An ITP Week in London for ‘Exhibiting the Experience of Empire’: Chithra Kallur (ITP 2017)
From 3 to 11 March 2018, two ITP fellows returned to the British Museum to participate in the symposium Exhibiting the Experience of Empire, organised by the British Museum’s Global, Local and Imperial Histories (GLIH) Research Group.
Chithra Kallur (ITP 2017, India) and Nelson Abiti (ITP 2013, Uganda) attended a one-week tailored short programme organised by the ITP around the symposium, to offer further support to their professional development and additional networking opportunities.
Hear from Chithra below about her experience.
Written by Chithra Kallur (ITP 2017, India), Head Archivist, Museum of Art and Photography, Bangalore
It was wonderful to be back in London and to reconnect with the ITP team and British Museum colleagues. Meeting other ITPers – Nelson Abiti (ITP 2013, Uganda) and Omar Nasser (ITP 2013, Palestine) – was a pleasant experience.
One of my objectives for this trip was to visit the refurbished Sir Joseph Hotung Gallery of China and South Asia. The South Asian section covers the civilisational history of India, Pakistan, Bangladesh, Bhutan, Sri Lanka and Nepal from the time of earliest societies to the present day with interesting new narratives. This exhibition chronologically narrates the cultural history of the regions by bringing together lesser-known artistic practices, narrative traditions, and tales to go with the dynastic histories, religion, art, architecture, trade histories, cultural interactions and so on.
My days at the BM were before the symposium were occupied with meetings with some of the staff members with whom I got to interact and get a lot of information about the methodologies of their work. Francesca Hillier (Central Archives), Jennifer Ramkalawon (Curator of Western Modern and Contemporary Graphic Works, Prints and Drawings) and Tanya Szrajber (Head of Documentation) were extremely welcoming and spared their precious time. I was happy to have found some time to visit the Anthropology Library and Research Centre going through some of the microfilms related to the trustees’ records.
This trip was made special because of the visit to the ITP UK Partner Bristol Museums. I met Jayne Pucknell, Archivist, The British Empire and Commonwealth Collection, who warmly toured me around, showing me Bristol Archives. I also got to see some of the videos and photographic collection. Later I visited the exhibition Empire through the Lens at Bristol Museum and Art Gallery, and interacted with Curator of World Cultures Sue Giles.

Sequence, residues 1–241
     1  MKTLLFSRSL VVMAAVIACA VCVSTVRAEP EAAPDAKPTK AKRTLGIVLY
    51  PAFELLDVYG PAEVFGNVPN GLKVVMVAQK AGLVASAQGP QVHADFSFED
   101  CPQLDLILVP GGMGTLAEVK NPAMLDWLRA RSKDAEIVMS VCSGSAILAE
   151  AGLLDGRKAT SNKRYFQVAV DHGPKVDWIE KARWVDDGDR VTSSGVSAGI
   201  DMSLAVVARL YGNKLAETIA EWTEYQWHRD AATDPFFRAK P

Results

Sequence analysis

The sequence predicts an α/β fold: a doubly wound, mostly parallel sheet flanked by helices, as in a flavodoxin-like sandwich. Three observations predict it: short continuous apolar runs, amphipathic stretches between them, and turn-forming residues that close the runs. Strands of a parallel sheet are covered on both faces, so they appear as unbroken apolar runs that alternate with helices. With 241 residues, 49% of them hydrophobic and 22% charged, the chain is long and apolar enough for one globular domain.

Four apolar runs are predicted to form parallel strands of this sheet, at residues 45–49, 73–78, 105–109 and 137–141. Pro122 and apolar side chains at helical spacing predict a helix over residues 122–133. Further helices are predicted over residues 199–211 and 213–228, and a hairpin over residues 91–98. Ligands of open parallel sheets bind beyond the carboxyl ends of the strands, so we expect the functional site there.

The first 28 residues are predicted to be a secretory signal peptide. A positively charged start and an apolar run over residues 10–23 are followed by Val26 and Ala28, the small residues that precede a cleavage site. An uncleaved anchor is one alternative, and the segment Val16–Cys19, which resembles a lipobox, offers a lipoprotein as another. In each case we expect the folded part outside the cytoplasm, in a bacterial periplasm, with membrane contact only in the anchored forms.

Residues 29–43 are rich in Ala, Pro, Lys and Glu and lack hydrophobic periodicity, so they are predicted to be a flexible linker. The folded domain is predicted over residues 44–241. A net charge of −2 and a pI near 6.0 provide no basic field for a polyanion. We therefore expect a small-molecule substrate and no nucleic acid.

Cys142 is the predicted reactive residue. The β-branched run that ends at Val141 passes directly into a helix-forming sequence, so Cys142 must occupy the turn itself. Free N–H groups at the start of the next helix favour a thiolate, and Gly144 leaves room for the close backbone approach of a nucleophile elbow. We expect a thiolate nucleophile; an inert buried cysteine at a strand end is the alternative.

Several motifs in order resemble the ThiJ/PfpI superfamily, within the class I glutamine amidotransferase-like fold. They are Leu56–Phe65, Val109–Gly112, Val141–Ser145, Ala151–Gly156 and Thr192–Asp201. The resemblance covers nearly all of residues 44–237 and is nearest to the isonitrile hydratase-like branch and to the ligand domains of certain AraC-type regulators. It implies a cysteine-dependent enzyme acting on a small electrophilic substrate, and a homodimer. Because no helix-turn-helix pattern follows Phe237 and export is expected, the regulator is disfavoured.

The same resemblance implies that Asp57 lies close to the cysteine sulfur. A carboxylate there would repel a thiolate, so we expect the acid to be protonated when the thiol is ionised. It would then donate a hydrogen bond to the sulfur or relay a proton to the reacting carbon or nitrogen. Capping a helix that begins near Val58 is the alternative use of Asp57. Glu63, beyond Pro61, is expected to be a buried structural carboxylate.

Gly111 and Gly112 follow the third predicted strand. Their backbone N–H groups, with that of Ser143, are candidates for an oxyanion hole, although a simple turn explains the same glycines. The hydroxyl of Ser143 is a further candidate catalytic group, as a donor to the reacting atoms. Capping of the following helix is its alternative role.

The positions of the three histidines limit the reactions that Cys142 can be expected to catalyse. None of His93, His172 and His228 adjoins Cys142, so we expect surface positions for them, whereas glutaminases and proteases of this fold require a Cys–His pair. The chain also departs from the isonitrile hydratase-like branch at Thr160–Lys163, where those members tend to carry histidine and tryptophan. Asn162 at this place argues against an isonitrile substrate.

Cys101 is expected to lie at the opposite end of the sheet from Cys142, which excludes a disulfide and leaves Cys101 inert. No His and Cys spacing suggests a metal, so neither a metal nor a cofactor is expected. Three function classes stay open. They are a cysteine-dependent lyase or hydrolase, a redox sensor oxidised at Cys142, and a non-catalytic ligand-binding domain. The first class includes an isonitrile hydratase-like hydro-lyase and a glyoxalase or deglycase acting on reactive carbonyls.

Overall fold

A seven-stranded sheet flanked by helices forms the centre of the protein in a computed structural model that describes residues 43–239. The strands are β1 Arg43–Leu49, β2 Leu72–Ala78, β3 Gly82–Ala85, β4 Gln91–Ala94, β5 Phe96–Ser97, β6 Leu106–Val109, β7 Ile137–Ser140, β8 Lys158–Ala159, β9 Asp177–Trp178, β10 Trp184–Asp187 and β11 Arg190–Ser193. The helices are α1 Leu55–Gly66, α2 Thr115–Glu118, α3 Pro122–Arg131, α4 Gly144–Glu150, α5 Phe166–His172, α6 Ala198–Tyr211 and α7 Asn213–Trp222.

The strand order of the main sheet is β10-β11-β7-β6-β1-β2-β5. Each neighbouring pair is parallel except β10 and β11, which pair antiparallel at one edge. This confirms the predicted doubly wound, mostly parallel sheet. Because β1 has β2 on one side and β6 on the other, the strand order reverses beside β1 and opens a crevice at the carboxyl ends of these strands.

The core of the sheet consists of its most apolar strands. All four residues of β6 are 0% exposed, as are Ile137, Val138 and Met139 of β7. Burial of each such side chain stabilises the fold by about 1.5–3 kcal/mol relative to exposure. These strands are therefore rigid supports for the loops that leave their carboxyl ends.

The symposium at the British Museum addressed the aspects of Empire and Object and Displaying Empire. It brought to fore some of the key questions such as whose experience is looked at; how we can revisit the memories of invasion; possibilities of speaking about the histories of violence; the question of provenance and repatriation; thinking beyond the Empire and so on. Presentations by various speakers illustrated how every history of colonisation is so diverse and complex.
I got to share some of my views on the panel discussion which I was part of. I also got to interact with many museum professionals and academics. To sum up, the conference brought to light different approaches that have been adapted by various curators and scholars dealing with histories of colonisation. I wish to see such events, especially within the museum circle in India and I presume they will bring out interesting dynamics to carry forward.
My trip ended with some visits to some exhibitions in London: Illuminating India at the Science Museum and Ayurvedic Man: Encounters with Indian Medicine at the Wellcome Collection – to name a couple. Thanks to the Symposium organisers and the ITP team for giving me this opportunity.